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  • The New Law of Marriage
  • Nan D. Hunter (bio)

The question of marriage equality for same-sex couples used to be an excellent law school hypothetical, but the idea had little purchase in the real world. No longer – the legal issues surrounding the family life of same-sex couples will soon affect the practice of lawyers throughout the United States. Consider the following three events last year:

  • 1 The cover story for the July 2004 issue of the ABA Journal was "The Changing Face of Gay Legal Issues," describing how family law practitioners are dealing with issues such as estate planning and property agreements for lesbian and gay couples.1

  • 2 The Wall Street Journal ran an article discussing questions of employee benefits law that arise from the legalization of same-sex marriage in Massachusetts.2

  • 3 The New York State Attorney General's office issued an opinion advising that while New York state law does not authorize the issuance of marriage licenses to same-sex couples, "New York law presumptively requires that parties to such unions [from other jurisdictions] must be treated as spouses for purposes of New York law."3

It was 19 years ago – a heartbeat in historical perspective – that the Supreme Court's opinion in Bowers v. Hardwick, which upheld a Georgia criminal law prohibiting homosexual sexual activity, stated that "[n]o connection between family, marriage, or procreation on the one hand and homosexual activity on the other has been demonstrated."4 In 2003, the Supreme Court reversed Hardwick in Lawrence v. Texas,5 and the signs of gay families are everywhere. The lesbian and gay rights movement has changed both the law and the vocabulary of marriage. It would be a fool's errand to try to predict exactly how or when the same-sex marriage debates will end, but the easy assumptions of the past have been buried forever.

Meanings of Marriage

The realization that same-sex couples can legally marry triggers a crisis of definition for many people. Indeed, one of the most contested questions in these debates centers on the purpose of marriage. For some, the purpose cannot be separated from the requirement that only male-female unions can qualify, which is often expressed as relating to procreation or children. For others, the core purpose of marriage centers on the commitment between the two partners, which might or might not involve having children.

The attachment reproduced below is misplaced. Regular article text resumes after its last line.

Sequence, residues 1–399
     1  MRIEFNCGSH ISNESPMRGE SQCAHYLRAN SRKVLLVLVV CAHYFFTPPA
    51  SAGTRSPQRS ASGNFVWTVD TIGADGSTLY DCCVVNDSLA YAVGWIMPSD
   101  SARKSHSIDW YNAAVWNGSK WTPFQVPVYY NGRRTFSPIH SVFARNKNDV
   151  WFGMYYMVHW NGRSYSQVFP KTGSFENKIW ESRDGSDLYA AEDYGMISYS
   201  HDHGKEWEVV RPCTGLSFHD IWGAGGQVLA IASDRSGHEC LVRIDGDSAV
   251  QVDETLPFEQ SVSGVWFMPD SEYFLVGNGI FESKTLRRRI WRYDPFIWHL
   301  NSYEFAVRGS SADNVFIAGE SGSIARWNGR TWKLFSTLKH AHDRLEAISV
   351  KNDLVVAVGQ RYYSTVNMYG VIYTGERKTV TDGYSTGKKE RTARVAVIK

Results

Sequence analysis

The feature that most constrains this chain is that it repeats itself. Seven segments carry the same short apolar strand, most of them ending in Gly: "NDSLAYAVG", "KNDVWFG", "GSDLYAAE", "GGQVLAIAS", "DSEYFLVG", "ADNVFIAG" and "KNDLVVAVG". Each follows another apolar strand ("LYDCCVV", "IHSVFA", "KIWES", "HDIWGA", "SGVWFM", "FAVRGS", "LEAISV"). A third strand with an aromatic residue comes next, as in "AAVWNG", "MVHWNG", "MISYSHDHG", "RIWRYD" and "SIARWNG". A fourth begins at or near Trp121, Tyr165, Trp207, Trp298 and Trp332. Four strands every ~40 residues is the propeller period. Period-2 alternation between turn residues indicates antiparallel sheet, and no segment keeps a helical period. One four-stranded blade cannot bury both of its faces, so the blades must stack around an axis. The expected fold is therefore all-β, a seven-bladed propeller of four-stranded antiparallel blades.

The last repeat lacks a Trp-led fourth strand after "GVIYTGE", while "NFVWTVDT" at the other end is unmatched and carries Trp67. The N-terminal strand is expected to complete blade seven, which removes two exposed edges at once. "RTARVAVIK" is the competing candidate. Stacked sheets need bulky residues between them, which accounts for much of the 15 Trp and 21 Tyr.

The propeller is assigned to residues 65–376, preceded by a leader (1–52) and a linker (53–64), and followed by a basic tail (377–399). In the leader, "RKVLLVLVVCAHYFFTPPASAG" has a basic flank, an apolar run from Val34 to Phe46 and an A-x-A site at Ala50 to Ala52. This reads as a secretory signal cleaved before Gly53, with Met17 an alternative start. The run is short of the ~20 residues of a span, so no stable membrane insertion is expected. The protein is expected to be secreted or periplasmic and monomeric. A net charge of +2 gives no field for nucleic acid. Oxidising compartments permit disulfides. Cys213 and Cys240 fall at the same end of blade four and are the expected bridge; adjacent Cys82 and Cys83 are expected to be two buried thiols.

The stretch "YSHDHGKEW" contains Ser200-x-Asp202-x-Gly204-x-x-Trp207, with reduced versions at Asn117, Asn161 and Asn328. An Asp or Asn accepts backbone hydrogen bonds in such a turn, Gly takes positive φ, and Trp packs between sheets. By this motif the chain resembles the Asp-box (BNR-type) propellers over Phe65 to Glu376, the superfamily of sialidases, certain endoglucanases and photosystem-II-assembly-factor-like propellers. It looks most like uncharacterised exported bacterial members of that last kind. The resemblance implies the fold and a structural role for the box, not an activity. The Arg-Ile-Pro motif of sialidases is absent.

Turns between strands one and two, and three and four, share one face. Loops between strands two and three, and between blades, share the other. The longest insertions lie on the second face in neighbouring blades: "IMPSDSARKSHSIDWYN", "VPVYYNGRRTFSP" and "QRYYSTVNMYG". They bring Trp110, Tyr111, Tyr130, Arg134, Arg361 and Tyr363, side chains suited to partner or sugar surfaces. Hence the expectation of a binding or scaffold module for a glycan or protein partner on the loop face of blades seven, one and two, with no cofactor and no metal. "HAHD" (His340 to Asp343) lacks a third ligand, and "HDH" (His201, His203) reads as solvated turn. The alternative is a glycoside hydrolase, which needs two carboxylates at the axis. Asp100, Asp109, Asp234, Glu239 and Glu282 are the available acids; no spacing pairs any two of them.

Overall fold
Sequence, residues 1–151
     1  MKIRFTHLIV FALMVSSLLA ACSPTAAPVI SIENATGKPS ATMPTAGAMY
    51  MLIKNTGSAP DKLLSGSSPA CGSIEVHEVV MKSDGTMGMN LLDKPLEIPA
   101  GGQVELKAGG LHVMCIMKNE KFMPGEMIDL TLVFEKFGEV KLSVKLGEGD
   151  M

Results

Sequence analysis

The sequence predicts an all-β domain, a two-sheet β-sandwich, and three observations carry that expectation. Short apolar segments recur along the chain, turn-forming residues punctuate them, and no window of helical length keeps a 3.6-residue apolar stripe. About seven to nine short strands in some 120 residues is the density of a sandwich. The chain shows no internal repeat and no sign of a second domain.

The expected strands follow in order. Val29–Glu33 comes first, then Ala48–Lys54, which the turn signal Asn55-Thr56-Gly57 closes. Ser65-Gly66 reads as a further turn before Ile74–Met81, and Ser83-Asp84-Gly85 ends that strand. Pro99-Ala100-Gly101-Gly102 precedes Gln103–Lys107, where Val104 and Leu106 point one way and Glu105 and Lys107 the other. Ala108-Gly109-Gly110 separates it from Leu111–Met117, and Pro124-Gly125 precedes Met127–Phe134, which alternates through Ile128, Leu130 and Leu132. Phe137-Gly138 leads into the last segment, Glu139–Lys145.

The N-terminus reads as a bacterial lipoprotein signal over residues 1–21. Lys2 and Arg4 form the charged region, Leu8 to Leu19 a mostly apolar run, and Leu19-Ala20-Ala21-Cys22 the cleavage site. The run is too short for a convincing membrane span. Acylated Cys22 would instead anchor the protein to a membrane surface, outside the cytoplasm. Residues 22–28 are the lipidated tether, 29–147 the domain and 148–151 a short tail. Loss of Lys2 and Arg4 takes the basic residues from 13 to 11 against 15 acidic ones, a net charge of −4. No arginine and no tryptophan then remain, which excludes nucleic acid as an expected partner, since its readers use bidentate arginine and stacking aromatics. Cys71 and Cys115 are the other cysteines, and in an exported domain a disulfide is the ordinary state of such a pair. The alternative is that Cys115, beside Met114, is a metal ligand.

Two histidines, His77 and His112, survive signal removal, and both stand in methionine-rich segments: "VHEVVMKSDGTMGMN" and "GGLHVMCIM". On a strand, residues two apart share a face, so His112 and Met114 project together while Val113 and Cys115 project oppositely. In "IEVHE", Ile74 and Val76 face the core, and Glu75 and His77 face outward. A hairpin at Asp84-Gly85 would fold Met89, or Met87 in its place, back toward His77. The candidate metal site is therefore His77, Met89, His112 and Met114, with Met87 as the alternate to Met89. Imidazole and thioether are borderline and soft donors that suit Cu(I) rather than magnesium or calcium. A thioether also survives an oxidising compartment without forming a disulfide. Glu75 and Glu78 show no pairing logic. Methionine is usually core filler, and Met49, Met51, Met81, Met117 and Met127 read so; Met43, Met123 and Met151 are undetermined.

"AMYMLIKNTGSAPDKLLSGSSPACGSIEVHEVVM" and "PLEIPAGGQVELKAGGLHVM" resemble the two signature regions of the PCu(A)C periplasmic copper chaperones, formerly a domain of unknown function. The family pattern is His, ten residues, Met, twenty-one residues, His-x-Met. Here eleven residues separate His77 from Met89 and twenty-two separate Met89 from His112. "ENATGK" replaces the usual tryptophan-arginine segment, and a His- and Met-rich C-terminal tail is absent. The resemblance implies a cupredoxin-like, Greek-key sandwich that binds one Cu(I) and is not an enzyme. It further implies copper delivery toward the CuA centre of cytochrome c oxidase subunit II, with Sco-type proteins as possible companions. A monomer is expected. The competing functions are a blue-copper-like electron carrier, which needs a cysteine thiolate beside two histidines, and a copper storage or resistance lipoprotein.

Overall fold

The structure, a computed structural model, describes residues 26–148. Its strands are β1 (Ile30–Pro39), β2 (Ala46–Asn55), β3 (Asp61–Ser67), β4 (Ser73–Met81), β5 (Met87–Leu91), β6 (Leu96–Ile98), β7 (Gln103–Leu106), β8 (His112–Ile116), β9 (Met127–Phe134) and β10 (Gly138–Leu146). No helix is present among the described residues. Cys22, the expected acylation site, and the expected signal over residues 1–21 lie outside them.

Changes in the social reality of marriage and family have shifted the dynamics of this debate. Nearly half of American marriages will end in divorce,6 and many people remarry later in life.7 Second (and third) marriages produce blended families of parents, stepparents, siblings, half siblings, multiple grandparents and complicated family holidays, all of which have become ordinary. And somewhere in that typical but complex family portrait there is often a gay or lesbian couple.

When I founded the ACLU Lesbian and Gay Rights Project in 1986, securing marriage rights for gay couples seemed distant, hardly possible. Now, my lesbian and gay friends who are in couples often refer to themselves as "married"; their comments may be ironic (or rueful), but they are culturally legible. Most of their families treat them and their partners as married when it comes to family gatherings, holiday gifts, and the other small but crucial signals of inclusion. Their wedding announcements may appear in the Sunday paper – not only in New York City, but also in places like Raleigh, North Carolina.8 Gay or lesbian couples with children present even more powerful images of family, whether in the media or at a PTA meeting. As a result of all this, a legal definition of marriage or family that insists on invisibility and exclusion is starting to seem rather strange.

Although the opponents of marriage equality claim that history is on their side, the history of what marriage means is also complex. Harvard University historian Nancy Cott has described how social battles over race, religion and gender have been fought on the terrain of marriage law.9 Some of those battles have been as sharply contested as the gay marriage debates: in 1958, less than a decade before Loving v. Virginia, 96 per cent...


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